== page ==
Kickstart Country Standard Time to Nashville
 Sign up for newsletter
 

Joe Diffie signs with Rounder

Sunday, September 28, 2008 – Country singer Joe Diffie signed to Rounder Records and will result in a return to bluegrass music. Prior to his moving to Nashville, Diffie spent several years touring and recording with the bluegrass band Special Edition. Rounder will release his album in the spring 2009.

Since he first topped the charts in 1990 with Home, Diffie has delivered hit after hit totaling 12 number 1s, 20 top 10s and 4 gold and platinum albums. Some of his most popular hits include Ships That Don't Come In, Pickup Man, John Deere Green and If the Devil Danced (In Empty Pockets). Diffie has been identified as singing novelty songs, which sometimes has worked against him.

More news for Joe Diffie

CD reviews for Joe Diffie

Homecoming CD review - Homecoming
With a album titled "Homecoming," one may conjure up thoughts of days long gone behind us and the hopes of rekindling some of those old emotions and feelings as we go back to reminisce. That is exactly what Joe Diffie has done with his label debut. Diffie has long been a staple in country music, charting 12 number 1 songs and writing several other hit songs for other country artists as well. He did, however, cut his teeth in bluegrass as a young man. Diffie returns to this genre here, »»»
Live at Billy Bob's Texas CD review - Live at Billy Bob's Texas
The album recorded at the world famous venue in the Fort Worth truly gives the listener the experience of a live Joe Diffie show. He usually starts off with the tongue-in-cheek, Third Rock From The Sun and performs a strong mix of older hits like the ballads, So Help Me Girl and to newer songs like the rollicking, Next Thing Smokin' He may have been overshadowed during the 1990's by bigger-name acts like Garth Brooks and Alan Jackson, but this album - and other Diffie hits packages »»»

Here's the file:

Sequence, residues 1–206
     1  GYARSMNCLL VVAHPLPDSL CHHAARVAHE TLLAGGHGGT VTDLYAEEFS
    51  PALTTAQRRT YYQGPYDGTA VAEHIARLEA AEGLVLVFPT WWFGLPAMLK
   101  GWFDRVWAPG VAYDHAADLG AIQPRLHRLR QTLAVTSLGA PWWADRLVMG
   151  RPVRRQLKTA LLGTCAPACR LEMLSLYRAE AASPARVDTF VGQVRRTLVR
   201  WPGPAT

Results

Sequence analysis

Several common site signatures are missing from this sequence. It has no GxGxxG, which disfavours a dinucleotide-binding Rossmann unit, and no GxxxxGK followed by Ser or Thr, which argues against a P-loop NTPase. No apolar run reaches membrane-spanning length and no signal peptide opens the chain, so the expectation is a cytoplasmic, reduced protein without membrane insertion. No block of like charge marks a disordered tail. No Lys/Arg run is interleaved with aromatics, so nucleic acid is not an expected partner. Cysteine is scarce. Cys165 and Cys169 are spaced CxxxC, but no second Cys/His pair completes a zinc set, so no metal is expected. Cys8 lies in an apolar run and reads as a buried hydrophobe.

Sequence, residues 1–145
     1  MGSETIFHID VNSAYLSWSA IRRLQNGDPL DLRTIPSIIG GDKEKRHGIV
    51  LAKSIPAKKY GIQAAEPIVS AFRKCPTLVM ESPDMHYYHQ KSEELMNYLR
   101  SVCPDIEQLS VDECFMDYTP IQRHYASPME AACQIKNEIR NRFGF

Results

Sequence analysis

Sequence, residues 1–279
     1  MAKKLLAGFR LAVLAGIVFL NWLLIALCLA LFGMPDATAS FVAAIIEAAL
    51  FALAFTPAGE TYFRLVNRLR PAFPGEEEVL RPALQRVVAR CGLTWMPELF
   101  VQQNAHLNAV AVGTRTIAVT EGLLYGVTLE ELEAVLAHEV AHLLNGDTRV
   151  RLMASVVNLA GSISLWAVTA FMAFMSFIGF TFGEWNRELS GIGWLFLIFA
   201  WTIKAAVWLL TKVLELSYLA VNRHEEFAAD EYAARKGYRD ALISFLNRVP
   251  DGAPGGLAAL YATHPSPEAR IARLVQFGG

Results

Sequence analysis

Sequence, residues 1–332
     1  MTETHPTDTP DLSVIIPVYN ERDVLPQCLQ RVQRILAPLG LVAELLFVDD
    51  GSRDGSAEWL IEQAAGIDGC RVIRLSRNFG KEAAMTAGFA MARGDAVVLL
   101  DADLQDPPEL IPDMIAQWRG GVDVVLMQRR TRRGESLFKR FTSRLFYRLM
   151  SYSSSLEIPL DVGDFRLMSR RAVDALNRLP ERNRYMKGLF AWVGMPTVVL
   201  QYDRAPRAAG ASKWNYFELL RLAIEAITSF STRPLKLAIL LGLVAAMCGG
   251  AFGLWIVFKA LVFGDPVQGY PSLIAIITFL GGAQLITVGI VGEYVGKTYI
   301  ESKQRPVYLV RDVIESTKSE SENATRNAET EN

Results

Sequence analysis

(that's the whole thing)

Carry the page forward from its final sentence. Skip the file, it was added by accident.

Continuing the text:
The Ultimate Collection CD review - The Ultimate Collection
Start a conversation about country music in the 1990's, and Joe Diffie's name may not be at the top of the list. But continue on for a minute or two, and the Oklahoman will definitely get mentioned. From 1990-99, Diffie was one of the most consistent artists in the Top 10. He achieved that success with traditionalist ballads like Is It Cold In Here and barnburner novelties, like Pickup Man and Honky Tonk Attitude Diffie closed out the 2000-decade by releasing a pair of albums in its »»»
Editorial: Walking the talk – When names like Hank Williams, Johnny Cash, Waylon and the Hag are invoked, you're talking hard core country. These are the touchstones of country , the guys who made country music what it was and still is (or maybe can be). When these folks would sing about being down-and-out and the rough-and-tumble, they knew of what they were singing about. Fast forward a few years to the country singers of today. »»»